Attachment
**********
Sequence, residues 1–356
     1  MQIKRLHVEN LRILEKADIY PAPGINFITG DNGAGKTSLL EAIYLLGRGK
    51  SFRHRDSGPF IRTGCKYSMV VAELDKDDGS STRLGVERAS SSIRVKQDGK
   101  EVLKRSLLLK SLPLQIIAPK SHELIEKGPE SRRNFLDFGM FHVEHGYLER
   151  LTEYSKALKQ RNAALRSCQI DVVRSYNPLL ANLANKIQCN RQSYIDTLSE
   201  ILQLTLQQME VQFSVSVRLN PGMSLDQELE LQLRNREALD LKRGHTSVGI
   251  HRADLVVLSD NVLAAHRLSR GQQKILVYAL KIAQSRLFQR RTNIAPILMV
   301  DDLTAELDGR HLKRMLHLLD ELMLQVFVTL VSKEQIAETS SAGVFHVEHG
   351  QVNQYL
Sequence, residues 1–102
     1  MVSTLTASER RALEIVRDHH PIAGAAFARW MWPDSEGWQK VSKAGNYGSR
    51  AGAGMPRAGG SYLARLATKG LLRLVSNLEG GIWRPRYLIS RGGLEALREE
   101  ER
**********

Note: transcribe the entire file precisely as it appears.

Sequence, residues 1–356
     1  MQIKRLHVEN LRILEKADIY PAPGINFITG DNGAGKTSLL EAIYLLGRGK
    51  SFRHRDSGPF IRTGCKYSMV VAELDKDDGS STRLGVERAS SSIRVKQDGK
   101  EVLKRSLLLK SLPLQIIAPK SHELIEKGPE SRRNFLDFGM FHVEHGYLER
   151  LTEYSKALKQ RNAALRSCQI DVVRSYNPLL ANLANKIQCN RQSYIDTLSE
   201  ILQLTLQQME VQFSVSVRLN PGMSLDQELE LQLRNREALD LKRGHTSVGI
   251  HRADLVVLSD NVLAAHRLSR GQQKILVYAL KIAQSRLFQR RTNIAPILMV
   301  DDLTAELDGR HLKRMLHLLD ELMLQVFVTL VSKEQIAETS SAGVFHVEHG
   351  QVNQYL
Sequence, residues 1–102
     1  MVSTLTASER RALEIVRDHH PIAGAAFARW MWPDSEGWQK VSKAGNYGSR
    51  AGAGMPRAGG SYLARLATKG LLRLVSNLEG GIWRPRYLIS RGGLEALREE
   101  ER